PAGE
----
Why trickle-down economics should work…and why it can’t.

**I’m not an economist. Nor did I stay at a Holiday Inn Express last night. So, any of my economist friends are welcome to tear me a new poo hole as necessary**

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Trickle-down or supply-side economics is a concept that has always rubbed me the wrong way. It always seemed ridiculous that to “give” richer people more money (in the form of tax breaks) was a better way of helping people economically, as a whole, than any host of alternative options. Note how I didn’t say I thought the theory didn’t work. That came more recently.

For some basic background, here is the Wikipedia entry. Better still, HowStuffWorks did a great synopsis for the lay person. And, if you want to get your economics geek on, there was an interesting discussion on the forum of Wrongplanet.net of all places.

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While the links above are filled with solid examples of why the theory should work, here is my own, brief view of it. People with more wealth will want products/services from people with less wealth (i.e. the investment banker buying groceries from the cashier has more wealth – in all probability – than him), or they will hire people with less wealth to work for them in an effort to create profit later on. This leads to essentially a redistribution of the wealth initially injected at the “top” in the form of tax breaks. Sounds simple. Sounds effective.

Why can’t it work? The answer is everyone’s favorite punching bag these days, the corporation (more specifically, large corporations). The investment banker is not buying his groceries from the cashier, he is buying them from a $200 million supermarket chain. If a household only needs to make $166,000+ per year to be in the top 95% of American families, exactly how many of their transactions are going to be with businesses small enough for there to be a “trickle-down” effect?

Yes, I get that large corporations employ people, and those people get paid, and therefore they can see an increase in wealth… but where do they spend their money?!?! Anyplace netting $50,000+ probably qualifies for a trickle-UP effect. One or two more cycles of this, and damn near every penny a person spends is trickling-up, not down. Furthermore, any situation where both the corporation AND the employees are making more than you is a complete reversal of the intent. The most obvious example of this I can think that applies to most of us is hiring a lawyer. Though I suppose the legal secretary may be earning less.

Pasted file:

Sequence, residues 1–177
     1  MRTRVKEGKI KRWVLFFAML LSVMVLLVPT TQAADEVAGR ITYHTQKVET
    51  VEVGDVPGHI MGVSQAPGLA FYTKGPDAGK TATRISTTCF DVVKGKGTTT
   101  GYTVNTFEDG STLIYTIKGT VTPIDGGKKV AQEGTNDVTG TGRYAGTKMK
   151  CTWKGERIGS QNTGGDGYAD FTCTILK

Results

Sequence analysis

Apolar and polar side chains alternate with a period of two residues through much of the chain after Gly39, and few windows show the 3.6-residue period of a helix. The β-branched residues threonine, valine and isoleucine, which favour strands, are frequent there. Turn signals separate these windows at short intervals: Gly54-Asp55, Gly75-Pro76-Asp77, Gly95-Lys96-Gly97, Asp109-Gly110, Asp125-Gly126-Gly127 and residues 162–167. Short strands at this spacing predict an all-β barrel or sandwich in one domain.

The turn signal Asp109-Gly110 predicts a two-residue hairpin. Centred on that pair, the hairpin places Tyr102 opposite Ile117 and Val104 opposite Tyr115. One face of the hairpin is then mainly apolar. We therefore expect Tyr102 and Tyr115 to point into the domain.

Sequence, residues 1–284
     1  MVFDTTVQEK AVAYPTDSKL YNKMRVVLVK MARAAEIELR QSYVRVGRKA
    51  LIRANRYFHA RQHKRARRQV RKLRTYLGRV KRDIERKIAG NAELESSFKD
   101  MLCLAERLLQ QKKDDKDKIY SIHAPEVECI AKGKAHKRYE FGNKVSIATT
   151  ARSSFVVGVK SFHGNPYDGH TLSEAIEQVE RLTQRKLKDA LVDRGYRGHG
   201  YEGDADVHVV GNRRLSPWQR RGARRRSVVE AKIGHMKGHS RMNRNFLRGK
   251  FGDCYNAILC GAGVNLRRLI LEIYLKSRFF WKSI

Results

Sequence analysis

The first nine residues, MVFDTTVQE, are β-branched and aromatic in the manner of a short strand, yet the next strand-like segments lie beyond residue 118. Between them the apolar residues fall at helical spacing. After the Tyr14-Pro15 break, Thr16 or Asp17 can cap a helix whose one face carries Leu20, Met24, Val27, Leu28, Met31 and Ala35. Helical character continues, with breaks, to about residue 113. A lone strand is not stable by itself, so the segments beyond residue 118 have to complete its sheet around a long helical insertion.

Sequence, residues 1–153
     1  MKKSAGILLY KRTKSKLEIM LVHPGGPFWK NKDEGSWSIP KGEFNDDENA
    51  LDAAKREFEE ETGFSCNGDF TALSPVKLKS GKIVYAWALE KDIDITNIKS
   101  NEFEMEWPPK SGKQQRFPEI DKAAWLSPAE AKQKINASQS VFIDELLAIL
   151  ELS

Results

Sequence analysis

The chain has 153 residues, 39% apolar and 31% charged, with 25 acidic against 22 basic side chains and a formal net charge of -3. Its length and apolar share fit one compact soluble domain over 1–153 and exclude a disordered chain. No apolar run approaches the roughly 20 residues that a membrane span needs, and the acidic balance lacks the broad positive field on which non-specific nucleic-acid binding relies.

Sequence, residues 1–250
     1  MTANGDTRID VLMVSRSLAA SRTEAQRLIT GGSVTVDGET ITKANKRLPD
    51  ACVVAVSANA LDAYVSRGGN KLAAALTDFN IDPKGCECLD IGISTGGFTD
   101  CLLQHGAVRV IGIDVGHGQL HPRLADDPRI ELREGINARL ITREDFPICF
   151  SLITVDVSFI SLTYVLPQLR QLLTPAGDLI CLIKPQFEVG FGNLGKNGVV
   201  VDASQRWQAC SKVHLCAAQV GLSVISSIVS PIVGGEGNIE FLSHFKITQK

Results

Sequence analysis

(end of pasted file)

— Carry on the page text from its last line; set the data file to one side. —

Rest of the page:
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So what we have is illusory wealth distribution that actually leads to only one possible outcome: greater wealth inequality. Now, if everyone amazingly reversed and only spent “below” them on the wealth chain (mental masturbation here), that would continue until we essentially had 100% wealth equality. I’m not saying that should be a goal. Who knows how the world would fair with every adult living on $51,000/year. Still, splitting money spent 50/50 (above/below) sounds nice, right?

That’s all for now. Next up? Time.

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About Chris Fountain

Start small, but think BIG.
This entry was posted in Finances & Economics, Lifestyle and tagged , , , , . Bookmark the permalink.

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